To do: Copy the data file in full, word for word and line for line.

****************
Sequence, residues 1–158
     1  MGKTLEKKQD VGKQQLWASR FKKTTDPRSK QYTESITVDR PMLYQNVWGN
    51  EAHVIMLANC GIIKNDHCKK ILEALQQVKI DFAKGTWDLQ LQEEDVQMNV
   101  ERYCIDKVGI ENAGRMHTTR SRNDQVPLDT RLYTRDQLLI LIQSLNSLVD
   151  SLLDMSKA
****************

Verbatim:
Sequence, residues 1–158
     1  MGKTLEKKQD VGKQQLWASR FKKTTDPRSK QYTESITVDR PMLYQNVWGN
    51  EAHVIMLANC GIIKNDHCKK ILEALQQVKI DFAKGTWDLQ LQEEDVQMNV
   101  ERYCIDKVGI ENAGRMHTTR SRNDQVPLDT RLYTRDQLLI LIQSLNSLVD
   151  SLLDMSKA